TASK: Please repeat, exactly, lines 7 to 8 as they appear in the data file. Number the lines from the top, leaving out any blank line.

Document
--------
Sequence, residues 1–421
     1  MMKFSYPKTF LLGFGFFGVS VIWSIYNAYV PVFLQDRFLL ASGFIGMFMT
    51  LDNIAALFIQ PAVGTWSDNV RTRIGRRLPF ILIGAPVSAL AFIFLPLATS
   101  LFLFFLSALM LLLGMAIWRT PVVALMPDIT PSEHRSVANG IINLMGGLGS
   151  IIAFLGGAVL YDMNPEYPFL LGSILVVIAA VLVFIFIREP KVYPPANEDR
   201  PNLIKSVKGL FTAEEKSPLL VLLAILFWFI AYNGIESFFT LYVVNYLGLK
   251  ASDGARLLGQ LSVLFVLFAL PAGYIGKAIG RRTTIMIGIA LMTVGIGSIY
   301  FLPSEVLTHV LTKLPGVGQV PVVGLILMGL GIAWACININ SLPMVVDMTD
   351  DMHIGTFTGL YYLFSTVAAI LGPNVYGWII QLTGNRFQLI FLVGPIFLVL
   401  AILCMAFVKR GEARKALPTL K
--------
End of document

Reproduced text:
   251  ASDGARLLGQ LSVLFVLFAL PAGYIGKAIG RRTTIMIGIA LMTVGIGSIY
   301  FLPSEVLTHV LTKLPGVGQV PVVGLILMGL GIAWACININ SLPMVVDMTD